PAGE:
I have a confession to make. This post is actually being written on December 28th (though I will post it to the blog on your actual birth date, December 9th.) The funny thing is, it is a pretty good representation of what actually did happen for your birthday this year. There is a saying that we like to use for many situations: T.I.I. = This Is Iquique! And our plans for your birthday certainly fall into that category. For the past three weeks we have been trying to get to the brand-new bowling alley and every week we have been told that in another week ... a few more days ... for sure on Wednesday (today!) it would be open. Unfortunately, that did not happen. But you have been a wonderful sport and even as I write this you are enjoying an unexpected beach afternoon with Daddy, Alec, Isabel and your friends Kylie and Kristi in lieu of what was originally planned. Your happy heart is one of the things we all love most about you!

On the actual day of your birthday, we once again enjoyed your choice of a delicious strawberry cake and opening your presents. You are always so exhilarated about presents, practically wiggling off your chair in anticipation. And I love that no matter what you receive, you express delight and joy. This is an aspect of your childhood that I hope you'll hold onto forever! I am certain it is one reason why your baby brother Silas loves your company so very much. Everything is more exciting with you.

This year, you have grown so much physically and are big and tall and strong. You've worked hard at school with numerous different teachers - not only the ones on your video curriculum, but with Mommy and Daddy and Tia Ely and Aunt Pam on many occasions. In fact, that is what Daddy said he loved about you when we went around the table this birthday - the fact that you never give up! It is another wonderful quality God has built into your heart.

One of your favorite games is charades. Drama should be your middle name, whether it is on purpose or for fun in a game or just a natural reaction to everyday life! I look forward to seeing you use your creative gifts for God's glory as you grow older. This Christmas, you were a wonderful "angel Gabriel" in our church program. I am so proud of you, and love you so very much.

Happy 9th Birthday, Ian David! You are a blessing to our family.

All my love,

Birthday Posts by Year:

Ian's 8th birthday post
Ian's 7th birthday post
Ian's 6th birthday post
Ian's 5th birthday post
Ian's 4th birthday post
Ian's 3rd birthday post
Ian's 2nd birthday post
Ian's 1st birthday post

Monday, December 05, 2016

A Time of Dedication (Ministry Monday Series)

On December 1st, exactly two months after the official opening of the FLORECE Prenatal & Family Counseling Center, we celebrated with a special time of dedication. Our invited guests were pastors and wives from eight different churches (with five of the churches able to attend.) The purpose of the event, as stated in our letter of invitation to each pastor, was to provide greater understanding of the ministry of FLORECE by visiting our location and foremost, to pray together in unity for the blessing of God on this new commitment to Him and the community of Iquique.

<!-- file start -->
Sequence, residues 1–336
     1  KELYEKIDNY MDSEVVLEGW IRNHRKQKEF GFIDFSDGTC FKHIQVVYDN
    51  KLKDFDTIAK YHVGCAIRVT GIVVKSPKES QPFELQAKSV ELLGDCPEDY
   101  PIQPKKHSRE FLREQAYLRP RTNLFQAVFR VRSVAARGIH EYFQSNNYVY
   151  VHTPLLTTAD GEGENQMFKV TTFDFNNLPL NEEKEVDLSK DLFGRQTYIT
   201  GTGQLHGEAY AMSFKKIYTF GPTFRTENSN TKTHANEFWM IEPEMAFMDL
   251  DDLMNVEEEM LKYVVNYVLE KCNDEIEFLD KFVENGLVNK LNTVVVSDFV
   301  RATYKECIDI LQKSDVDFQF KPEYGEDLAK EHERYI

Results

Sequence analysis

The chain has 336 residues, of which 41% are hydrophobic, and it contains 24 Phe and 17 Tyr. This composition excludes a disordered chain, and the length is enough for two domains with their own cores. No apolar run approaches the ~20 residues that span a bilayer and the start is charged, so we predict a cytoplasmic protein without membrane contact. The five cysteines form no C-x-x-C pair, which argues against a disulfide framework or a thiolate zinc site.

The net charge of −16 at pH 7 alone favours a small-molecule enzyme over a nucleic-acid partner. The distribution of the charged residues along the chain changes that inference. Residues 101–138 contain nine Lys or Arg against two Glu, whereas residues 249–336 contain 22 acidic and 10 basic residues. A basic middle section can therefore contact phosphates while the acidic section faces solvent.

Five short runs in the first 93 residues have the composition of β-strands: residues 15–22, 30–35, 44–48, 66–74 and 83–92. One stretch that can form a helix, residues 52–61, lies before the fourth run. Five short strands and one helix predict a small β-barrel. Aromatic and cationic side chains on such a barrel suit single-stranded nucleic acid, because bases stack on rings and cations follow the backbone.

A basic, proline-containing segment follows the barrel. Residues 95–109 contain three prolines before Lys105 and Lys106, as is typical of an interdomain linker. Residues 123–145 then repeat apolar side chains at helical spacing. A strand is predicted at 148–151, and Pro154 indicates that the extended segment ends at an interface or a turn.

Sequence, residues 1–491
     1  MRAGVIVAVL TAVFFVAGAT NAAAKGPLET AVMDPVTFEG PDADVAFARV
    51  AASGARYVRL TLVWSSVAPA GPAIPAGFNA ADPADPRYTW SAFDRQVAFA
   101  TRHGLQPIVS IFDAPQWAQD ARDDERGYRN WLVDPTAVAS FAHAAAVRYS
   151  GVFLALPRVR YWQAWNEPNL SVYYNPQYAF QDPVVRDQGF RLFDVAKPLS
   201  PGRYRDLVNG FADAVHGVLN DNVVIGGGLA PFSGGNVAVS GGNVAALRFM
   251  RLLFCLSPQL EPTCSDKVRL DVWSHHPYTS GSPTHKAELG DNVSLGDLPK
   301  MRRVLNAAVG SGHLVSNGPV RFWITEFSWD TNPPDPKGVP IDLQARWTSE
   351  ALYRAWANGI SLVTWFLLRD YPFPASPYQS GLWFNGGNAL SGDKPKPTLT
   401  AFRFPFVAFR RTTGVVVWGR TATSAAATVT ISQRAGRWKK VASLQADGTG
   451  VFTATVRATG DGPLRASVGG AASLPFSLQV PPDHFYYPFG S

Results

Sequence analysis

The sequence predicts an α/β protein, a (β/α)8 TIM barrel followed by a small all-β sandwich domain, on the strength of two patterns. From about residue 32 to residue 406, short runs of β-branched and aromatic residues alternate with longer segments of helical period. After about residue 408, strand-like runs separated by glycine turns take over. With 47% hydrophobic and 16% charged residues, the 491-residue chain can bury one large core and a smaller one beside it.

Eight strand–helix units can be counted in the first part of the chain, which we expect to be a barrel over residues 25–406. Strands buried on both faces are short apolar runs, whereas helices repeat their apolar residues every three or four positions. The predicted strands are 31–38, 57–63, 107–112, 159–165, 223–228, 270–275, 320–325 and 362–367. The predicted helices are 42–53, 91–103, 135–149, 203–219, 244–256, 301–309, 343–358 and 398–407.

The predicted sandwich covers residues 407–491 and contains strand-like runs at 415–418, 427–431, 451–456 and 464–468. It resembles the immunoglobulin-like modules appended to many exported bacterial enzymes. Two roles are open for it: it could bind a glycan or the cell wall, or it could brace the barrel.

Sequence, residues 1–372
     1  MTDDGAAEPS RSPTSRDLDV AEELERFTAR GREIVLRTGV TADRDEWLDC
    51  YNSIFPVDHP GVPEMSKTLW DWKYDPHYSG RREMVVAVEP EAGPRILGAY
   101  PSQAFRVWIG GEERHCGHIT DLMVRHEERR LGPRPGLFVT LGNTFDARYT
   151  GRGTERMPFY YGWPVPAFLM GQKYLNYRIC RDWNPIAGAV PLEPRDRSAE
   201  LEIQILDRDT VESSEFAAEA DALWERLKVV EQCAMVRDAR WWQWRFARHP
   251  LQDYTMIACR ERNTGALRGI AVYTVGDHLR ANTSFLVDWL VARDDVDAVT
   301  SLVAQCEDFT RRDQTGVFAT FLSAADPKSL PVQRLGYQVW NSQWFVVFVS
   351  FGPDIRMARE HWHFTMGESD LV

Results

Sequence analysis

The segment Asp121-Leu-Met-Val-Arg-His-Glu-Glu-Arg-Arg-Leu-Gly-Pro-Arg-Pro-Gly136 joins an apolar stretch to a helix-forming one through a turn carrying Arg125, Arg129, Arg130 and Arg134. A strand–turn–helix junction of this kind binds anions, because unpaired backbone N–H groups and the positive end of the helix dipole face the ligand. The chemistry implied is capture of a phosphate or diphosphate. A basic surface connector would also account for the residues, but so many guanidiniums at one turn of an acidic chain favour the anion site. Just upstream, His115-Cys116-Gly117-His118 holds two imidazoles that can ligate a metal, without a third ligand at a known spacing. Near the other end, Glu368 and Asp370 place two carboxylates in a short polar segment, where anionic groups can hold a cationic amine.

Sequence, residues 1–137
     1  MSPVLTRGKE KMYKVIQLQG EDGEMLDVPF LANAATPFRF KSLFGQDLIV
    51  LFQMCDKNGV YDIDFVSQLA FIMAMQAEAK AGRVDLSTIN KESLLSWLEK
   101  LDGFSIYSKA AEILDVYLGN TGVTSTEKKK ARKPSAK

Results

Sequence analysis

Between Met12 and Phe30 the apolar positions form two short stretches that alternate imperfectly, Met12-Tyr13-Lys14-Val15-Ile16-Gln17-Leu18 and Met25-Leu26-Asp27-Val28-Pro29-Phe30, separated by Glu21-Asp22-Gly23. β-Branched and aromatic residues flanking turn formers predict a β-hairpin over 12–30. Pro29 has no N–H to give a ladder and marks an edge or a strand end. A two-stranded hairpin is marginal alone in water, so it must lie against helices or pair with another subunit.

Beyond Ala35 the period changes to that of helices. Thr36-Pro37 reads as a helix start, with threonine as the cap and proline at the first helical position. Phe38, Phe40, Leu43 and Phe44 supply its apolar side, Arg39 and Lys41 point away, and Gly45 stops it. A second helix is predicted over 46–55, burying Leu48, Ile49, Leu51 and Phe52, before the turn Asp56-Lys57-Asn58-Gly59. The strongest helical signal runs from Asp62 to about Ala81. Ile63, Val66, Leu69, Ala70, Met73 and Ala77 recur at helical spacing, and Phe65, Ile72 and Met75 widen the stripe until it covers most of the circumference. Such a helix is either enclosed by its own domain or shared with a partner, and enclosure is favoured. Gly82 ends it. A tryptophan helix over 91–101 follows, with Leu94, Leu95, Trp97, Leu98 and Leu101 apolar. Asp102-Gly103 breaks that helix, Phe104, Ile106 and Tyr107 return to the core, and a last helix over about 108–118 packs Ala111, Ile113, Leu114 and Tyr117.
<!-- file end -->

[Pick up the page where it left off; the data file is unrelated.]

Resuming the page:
L-R (ladies) Grace, Natalia w/Emilia, Stephanie, Catalina, Kim, Andrea (men) Pedro w/Silas, Jon

We couldn't have done this event without our volunteers. For both the pastoral dedication and our volunteer training a few days prior, Maria prepared her homemade basil mayonnaise and red pepper chicken salad for invited guests. Kim baked three varieties of American sweet treats as a finishing touch for the morning's refreshments. With a full work schedule as a surgical assistant at a nearby clinic, Solange asked for a window of time off and showed up early to prepare gift bags for those in attendance. A day after completing a challenging national college entrance exam, Andrea volunteered to help in whatever way was needed. Natalia, a full-time mom, brought her young daughter Emilia and came prepared with coloring books and activities to oversee any children needing care. Grace, who in recent weeks has covered numerous extra shifts for a volunteer colleague on vacation, was willing to give her time yet again to serve. Catalina meticulously oversaw cleaning and upkeep, rearranging furniture up to the last minute and waxing floors to a beautiful shine (then making sure everything was back in place when we were done!) 

Solange organizing gift bags

our faithful ladies preparing refreshments

It was a special blessing to welcome our friends David and Kristi Flinck from Antofagasta. Their church plant hosted our first pro-life conference in August of last year, and has since supported FLORECE with their prayers and generosity. Most recently, they took the FLORECE ministry on for monthly financial support and they are the first church outside of our home church to do so! David also blessed us with his photography skills and provided a wonderful visual record of the day. Our program was purposely brief, including a PowerPoint presentation answering the questions: "Why a prenatal and family counseling center?" and "What is FLORECE?"

presenting the ministry of FLORECE

presenting the ministry of FLORECE

Following the presentation, we wanted to especially emphasize a time of prayer with the pastors. Gifts were later given that provided resources for sharing the pro-life message, including John Ensor's book Cuestion de vida o muerte which powerfully shines the light of God's Word on the issue of abortion and the Church's appropriate response.

time of prayer for FLORECE

time of prayer for FLORECE

gifts for pastors and wives

We concluded the morning's events with a "tour" of the FLORECE building and a time of refreshments and fellowship. Our volunteers waited at each of the different rooms in order to provide an explanation of what kind of ministry takes place in each one. We hope that having this time to explore and ask questions was beneficial to each of our guests and allowed them to visualize what happens during a day at FLORECE.

counseling rooms

bebe boutique

Afterwards, it was encouraging to hear from several of the pastors and wives in attendance. One wife said, "I am so glad my husband got to hear this. I really think it helped him to understand and he will support this ministry!" One of the pastors had previously been involved in social work through a government program. He offered to share a training course with our volunteers on the subject of drug prevention. We gladly welcome additional tools to apply Biblically in counseling situations!

We thank God for the privilege of serving in this ministry, and sharing it on this day with others. We trust that He will work through these pastors to share the vision with their churches and personally pursue compassionate ministry in the lives of women, families and unborn children. We give God all the glory for the great things He has done and will continue to do!